# 8.8: How The Enthalpy Change for a Reaction Depends on Temperature

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In Section 8.6, we see how to use tabulated enthalpies of formation to calculate the enthalpy change for a particular chemical reaction. Such tables typically give enthalpies of formation at a number of different temperatures, so that the enthalpy change for a given reaction can also be calculated at these different temperatures; it is just a matter of repeating the same calculation at each temperature.

We often need to find the enthalpy change associated with increasing the temperature of a substance at constant pressure. As we observe in §1, this enthalpy change is readily calculated by integrating the heat capacity over the temperature change. We may want to know, for example, the enthalpy change for increasing the temperature of one mole of methane from 300 K to 400 K, with the pressure held constant at one bar. In Table 1, we find

$\Delta_fH^o\left(CH_4 ,g,300\, K\right) =-74.656\ \mathrm{k}\mathrm{J}\ \mathrm{mol}^{-1} \nonumber$

$\Delta_fH^o\left(CH_4\mathrm{,g,400\ K}\right) = -77.703\ \mathrm{k}\mathrm{J}\ \mathrm{mol}^{-1} \nonumber$

We might be tempted to think that the difference represents the enthalpy change associated with heating the methane. This is not so! The reason becomes immediately apparent if we consider a cycle in which we go from the elements to a compound at two different temperatures. For methane, this cycle is shown in Figure 3. Figure 3. A thermochemical cycle relating $$\Delta_fH^o (CH_4)$$ at two temperatures.

The difference between the standard enthalpies of formation of methane at 300 K and 400 K reflects the enthalpy change for increasing the temperatures of all of the reactants and products from 300 K to 400 K. That is,

$\Delta_fH^o\left(CH_4\mathrm{,g,400\ K}\right)-\Delta_fH^o\left(CH_4\mathrm{,g,300\ K}\right) \nonumber$ $=\int^{400}_{300}{C_P\left(CH_4\mathrm{,g}\right)dT}-\int^{400}_{300}{C_P\left(C\mathrm{,s}\right)dT} -2\int^{400}_{300}{C_P\left(H_2\mathrm{,g}\right)dT} \nonumber$

Over the temperature range from 300 K to 400 K, the heat capacities of carbon, hydrogen, and methane are approximated by $$C_P=a+bT$$, with values of $$a$$ and $$b$$ given in Table 1. From this information, we calculate the enthalpy change for increasing the temperature of one mole of each substance from 300 K to 400 K at 1 bar: $$\Delta H\left(C\right)=1,029\ \mathrm{J}\ {\mathrm{mol}}^{-1}$$, $$\Delta H\left(H_2\right)=2,902\ \mathrm{J}\ {\mathrm{mol}}^{-1}$$, and $$\Delta H\left(CH_4\right)=3,819\ \mathrm{J}\ {\mathrm{mol}}^{-1}$$. Thus, from the cycle, we calculate:

$\Delta_fH^o\left(CH_4\mathrm{,g,400\ K}\right)=-74,656+3,819-1,029-2\left(2,902\right)\ \mathrm{J}\ {\mathrm{mol}}^{-1}=\ -77,670\ \mathrm{J}\ {\mathrm{mol}}^{-1} \nonumber$

The tabulated value is $$-77,703\ \mathrm{J}\ {\mathrm{mol}}^{-1}$$. The two values differ by $$33\ \mathrm{J}\ {\mathrm{mol}}^{-1}$$, or about 0.04%. This difference arises from the limitations of the two-parameter heat-capacity equations.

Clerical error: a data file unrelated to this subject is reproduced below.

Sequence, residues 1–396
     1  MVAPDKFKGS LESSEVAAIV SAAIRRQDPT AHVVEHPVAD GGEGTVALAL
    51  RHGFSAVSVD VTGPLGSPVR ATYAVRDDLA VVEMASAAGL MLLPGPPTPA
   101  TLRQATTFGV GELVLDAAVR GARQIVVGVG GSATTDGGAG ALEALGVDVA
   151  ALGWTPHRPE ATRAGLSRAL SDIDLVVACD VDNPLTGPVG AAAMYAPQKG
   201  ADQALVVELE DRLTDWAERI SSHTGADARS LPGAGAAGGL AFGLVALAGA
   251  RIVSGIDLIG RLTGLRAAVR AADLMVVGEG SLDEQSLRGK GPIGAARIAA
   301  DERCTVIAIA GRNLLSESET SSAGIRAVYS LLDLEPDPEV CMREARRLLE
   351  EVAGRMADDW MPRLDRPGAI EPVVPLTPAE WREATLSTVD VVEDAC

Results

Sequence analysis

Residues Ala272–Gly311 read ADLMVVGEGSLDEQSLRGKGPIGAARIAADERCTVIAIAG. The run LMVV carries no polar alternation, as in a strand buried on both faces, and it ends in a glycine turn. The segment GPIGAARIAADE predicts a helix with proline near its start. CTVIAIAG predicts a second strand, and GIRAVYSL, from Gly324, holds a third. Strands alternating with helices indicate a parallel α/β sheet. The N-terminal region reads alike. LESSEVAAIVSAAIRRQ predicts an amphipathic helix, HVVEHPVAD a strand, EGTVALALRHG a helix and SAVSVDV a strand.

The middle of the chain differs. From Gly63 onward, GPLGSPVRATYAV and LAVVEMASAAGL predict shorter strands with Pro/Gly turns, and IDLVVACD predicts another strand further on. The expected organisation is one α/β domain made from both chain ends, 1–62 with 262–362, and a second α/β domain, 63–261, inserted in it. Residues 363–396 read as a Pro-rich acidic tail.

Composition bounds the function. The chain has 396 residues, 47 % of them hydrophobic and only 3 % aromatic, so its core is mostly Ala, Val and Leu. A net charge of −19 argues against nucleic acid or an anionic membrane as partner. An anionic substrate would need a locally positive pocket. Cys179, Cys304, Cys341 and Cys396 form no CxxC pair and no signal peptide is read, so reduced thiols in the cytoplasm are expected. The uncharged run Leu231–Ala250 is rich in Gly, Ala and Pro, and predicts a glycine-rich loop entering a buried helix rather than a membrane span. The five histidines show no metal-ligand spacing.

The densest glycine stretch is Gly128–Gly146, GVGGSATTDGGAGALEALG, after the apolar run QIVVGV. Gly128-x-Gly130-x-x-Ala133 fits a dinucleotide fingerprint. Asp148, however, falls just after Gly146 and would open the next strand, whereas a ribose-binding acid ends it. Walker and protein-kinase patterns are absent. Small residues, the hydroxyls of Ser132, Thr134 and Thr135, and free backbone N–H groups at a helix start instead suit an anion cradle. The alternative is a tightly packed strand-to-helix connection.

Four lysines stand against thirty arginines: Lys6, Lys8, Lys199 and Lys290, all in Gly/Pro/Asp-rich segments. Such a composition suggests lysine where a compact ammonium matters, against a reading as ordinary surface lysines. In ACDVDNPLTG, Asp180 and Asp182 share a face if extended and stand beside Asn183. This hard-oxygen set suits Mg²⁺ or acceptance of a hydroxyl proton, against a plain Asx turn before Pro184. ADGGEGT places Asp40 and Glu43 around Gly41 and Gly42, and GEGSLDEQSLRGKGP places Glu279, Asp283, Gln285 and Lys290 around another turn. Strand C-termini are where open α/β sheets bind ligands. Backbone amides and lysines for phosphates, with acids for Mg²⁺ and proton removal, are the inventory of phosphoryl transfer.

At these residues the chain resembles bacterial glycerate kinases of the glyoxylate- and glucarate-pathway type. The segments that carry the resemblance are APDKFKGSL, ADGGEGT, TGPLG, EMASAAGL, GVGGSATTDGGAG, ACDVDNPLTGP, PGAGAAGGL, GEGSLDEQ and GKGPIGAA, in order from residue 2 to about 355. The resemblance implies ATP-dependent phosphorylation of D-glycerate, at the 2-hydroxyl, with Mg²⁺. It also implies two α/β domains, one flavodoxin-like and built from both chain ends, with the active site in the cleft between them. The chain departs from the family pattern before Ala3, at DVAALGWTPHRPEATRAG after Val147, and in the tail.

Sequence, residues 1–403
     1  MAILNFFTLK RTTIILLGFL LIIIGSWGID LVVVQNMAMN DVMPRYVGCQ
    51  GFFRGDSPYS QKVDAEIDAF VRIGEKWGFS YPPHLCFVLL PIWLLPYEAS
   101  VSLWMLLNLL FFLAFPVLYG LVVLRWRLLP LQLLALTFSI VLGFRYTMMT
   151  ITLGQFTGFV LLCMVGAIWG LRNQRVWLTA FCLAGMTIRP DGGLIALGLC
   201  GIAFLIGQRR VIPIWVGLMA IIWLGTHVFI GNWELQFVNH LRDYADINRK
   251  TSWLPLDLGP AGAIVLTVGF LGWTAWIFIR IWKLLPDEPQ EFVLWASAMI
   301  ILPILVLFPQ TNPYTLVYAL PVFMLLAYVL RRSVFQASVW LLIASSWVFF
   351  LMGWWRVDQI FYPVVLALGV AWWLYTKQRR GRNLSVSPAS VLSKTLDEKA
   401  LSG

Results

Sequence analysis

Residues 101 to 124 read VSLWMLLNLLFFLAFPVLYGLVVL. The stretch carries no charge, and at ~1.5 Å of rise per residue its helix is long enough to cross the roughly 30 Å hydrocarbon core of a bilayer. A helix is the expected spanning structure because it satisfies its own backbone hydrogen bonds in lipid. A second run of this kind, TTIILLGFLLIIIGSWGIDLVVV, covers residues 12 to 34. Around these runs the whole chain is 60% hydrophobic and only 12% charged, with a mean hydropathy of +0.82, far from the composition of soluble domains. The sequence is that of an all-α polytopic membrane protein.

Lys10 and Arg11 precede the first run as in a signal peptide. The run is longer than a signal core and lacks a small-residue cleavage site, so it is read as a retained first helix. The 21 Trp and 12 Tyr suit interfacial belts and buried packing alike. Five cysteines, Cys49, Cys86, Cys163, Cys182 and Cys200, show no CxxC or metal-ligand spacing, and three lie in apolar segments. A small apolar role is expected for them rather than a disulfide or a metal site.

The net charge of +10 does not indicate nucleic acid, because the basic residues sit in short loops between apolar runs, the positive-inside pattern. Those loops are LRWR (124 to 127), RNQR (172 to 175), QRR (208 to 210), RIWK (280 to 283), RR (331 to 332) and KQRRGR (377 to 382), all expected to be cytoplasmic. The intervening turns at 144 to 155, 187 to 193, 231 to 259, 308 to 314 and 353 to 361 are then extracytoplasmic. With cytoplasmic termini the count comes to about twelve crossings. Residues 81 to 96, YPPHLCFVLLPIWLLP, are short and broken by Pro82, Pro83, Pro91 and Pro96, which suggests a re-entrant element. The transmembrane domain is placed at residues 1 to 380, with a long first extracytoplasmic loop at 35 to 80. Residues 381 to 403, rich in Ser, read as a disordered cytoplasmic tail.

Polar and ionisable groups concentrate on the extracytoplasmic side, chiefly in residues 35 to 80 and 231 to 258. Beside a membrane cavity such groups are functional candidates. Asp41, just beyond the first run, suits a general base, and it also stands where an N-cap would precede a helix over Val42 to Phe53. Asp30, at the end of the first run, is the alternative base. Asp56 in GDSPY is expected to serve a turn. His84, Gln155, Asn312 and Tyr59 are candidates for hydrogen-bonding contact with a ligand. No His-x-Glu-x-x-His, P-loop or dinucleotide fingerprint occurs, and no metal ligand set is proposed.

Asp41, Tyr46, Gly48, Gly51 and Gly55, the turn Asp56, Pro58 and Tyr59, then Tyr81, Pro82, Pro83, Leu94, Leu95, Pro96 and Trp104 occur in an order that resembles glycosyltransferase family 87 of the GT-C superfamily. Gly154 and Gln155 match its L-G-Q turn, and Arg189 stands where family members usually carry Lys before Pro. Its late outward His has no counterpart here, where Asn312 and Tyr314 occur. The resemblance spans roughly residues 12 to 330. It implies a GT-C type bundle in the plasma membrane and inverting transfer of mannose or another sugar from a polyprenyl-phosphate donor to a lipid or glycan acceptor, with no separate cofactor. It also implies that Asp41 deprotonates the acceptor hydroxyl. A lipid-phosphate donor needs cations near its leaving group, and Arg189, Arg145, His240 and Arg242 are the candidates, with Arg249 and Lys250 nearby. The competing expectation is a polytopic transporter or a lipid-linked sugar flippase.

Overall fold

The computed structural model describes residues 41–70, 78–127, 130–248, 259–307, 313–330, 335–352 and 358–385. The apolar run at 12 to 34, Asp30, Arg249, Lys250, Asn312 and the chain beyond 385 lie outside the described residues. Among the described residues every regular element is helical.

As another example of a thermochemical cycle, let us consider the selective oxidation of methane to methanol at 300 K and 400 K. From the enthalpies of formation in Table 1, we calculate the enthalpies for the reaction to be $$\Delta_rH^o\left(3\mathrm{00\ K}\right)=-126.412\ \mathrm{k}\mathrm{J}\ {\mathrm{mol}}^{-1}$$ and $$\Delta_rH^o\left(4\mathrm{00\ K}\right)=-126.919\ \mathrm{k}\mathrm{J}\ {\mathrm{mol}}^{-1}$$. As in the previous example, we use the tabulated heat-capacity parameters to calculate the enthalpy change for increasing the temperature of one mole of each of these gases from 300 K to 400 K at 1 bar. We find: $$\Delta H\left(CH_3OH\right)=4,797\ \mathrm{J}\ {\mathrm{mol}}^{-1}$$, $$\Delta H\left(CH_4\right)=3,819\ \mathrm{J}\ {\mathrm{mol}}^{-1}$$, and $$\Delta H\left(O_2\right)=2,975\ \mathrm{J}\ {\mathrm{mol}}^{-1}$$. Figure 4. A thermochemical cycle relating $$\Delta_rH^o$$ at two temperatures.

The cycle is shown in Figure 4. Inspecting this cycle, we see that we can calculate the enthalpy change for warming one mole of methanol from 300 K to 400 K by summing the enthalpy changes around the bottom, left side, and top of the cycle; that is,

$\Delta H\left(CH_3OH\right)=126,412+3,819+\left(\frac{1}{2}\right)2,975-126,919\ \mathrm{J}\ {\mathrm{mol}}^{-1}=4,800\ \mathrm{J}\ {\mathrm{mol}}^{-1} \nonumber$

This is 3 J or about 0.06 % larger than the value obtained $$\left(4,797\ \mathrm{J}\right)$$ by integrating the heat capacity for methanol.

This page titled 8.8: How The Enthalpy Change for a Reaction Depends on Temperature is shared under a CC BY-SA 4.0 license and was authored, remixed, and/or curated by Paul Ellgen via source content that was edited to the style and standards of the LibreTexts platform; a detailed edit history is available upon request.